Traditional treatments, though gradually being replaced by immune checkpoint inhibitors (ICIs), have had varied success rates with limited predictors for individual patient responses. In a study published in the journal Genes & Diseases, researchers from Fudan University, have developed a novel urine-based prognostic model that promises to transform the management and treatment of bladder cancer.
Image source: Wang et al., Genes & Diseases 2023 (CC BY-NC-ND 4.0)
The research team collected urine and tumor samples from 43 bladder cancer patients, examining the expression levels of PD-L1 - a key marker in immune response - on bladder cancer cells (BCCs). And the study focused on the variability of PD-L1 expression and its response to IFN-γ in bladder cancer cells (BCCs) as detected by the BC-PD-L1 platform. From 43 bladder cancer (BLCA) patients, urine and tumor samples were obtained and used for primary cell culturing. Intriguingly, PD-L1 expression, before and after treatment with IFN-γ, varied significantly among the BCCs. Moreover, the degree of PD-L1 upregulation post-IFN-γ treatment showed a negative correlation with baseline PD-L1 expression levels.
To ensure BC-PD-L1's reliability, the study employed RNA sequencing and correlated PD-L1 protein levels with mRNA levels, which validated its ability to detect PD-L1 regardless of its heavy glycosylation - a trait that can potentially obstruct accurate detection. In evaluating the platform's clinical potential, the study delved into how BC-PD-L1, especially urine-derived BC-PD-L1 (UBC-PD-L1), can predict BLCA patient outcomes.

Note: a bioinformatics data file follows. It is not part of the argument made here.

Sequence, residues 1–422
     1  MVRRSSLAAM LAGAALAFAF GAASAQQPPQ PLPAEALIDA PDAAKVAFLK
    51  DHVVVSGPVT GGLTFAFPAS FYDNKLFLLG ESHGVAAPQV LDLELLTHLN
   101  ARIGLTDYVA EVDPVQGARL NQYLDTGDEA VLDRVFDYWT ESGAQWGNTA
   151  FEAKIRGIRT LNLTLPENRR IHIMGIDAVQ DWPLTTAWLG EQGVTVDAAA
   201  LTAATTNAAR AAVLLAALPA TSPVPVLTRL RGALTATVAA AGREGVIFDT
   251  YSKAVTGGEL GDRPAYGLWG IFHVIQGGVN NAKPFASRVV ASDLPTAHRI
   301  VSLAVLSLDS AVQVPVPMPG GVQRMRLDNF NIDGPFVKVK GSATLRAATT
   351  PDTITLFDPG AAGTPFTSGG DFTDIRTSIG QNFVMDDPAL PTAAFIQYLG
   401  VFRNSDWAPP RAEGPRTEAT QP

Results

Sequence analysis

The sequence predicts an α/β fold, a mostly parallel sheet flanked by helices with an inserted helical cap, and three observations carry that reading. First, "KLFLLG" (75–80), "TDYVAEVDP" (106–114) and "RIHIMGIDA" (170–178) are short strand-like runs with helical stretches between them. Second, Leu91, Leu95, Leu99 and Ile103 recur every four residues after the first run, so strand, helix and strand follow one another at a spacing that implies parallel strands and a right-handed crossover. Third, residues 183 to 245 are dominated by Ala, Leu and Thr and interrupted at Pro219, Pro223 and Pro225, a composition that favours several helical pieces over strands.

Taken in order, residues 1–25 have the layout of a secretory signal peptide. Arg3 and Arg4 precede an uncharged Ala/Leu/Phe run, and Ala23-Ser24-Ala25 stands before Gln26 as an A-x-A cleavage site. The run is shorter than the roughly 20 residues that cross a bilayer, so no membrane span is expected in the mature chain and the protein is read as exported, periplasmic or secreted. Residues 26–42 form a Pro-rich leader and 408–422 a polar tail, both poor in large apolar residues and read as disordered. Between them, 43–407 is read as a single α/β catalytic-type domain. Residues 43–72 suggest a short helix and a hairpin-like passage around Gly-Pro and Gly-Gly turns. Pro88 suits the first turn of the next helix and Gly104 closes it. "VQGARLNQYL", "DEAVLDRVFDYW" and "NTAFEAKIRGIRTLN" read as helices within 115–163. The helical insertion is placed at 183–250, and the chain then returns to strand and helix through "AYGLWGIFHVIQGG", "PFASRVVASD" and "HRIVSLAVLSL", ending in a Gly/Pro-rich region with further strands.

Although prior research on the prognostic significance of PD-L1 in bladder cancer has been mixed, this study's analysis revealed that higher surface PD-L1 levels were associated with longer disease-free survival and overall survival rates. Intriguingly, RNA sequencing highlighted differences between high and low PD-L1 expressing BCCs. High PD-L1 BCCs showed upregulation of pathways related to the extracellular matrix (ECM) - a key component influencing cancer progression. Additionally, these high PD-L1 BCCs were more immune-active, suggesting a better prognosis. This finding underscores the importance of PD-L1 as a potential biomarker and the BC-PD-L1's potential role in personalizing bladder cancer treatment strategies.
The study underscores the power of personalized medicine, highlighting the potential of urine-based tests in transforming bladder cancer treatments. Given bladder cancer's propensity for recurrence and the invasive nature of current diagnostic and treatment methods, this innovation offers a beacon of hope.
Source: KeAi Publishing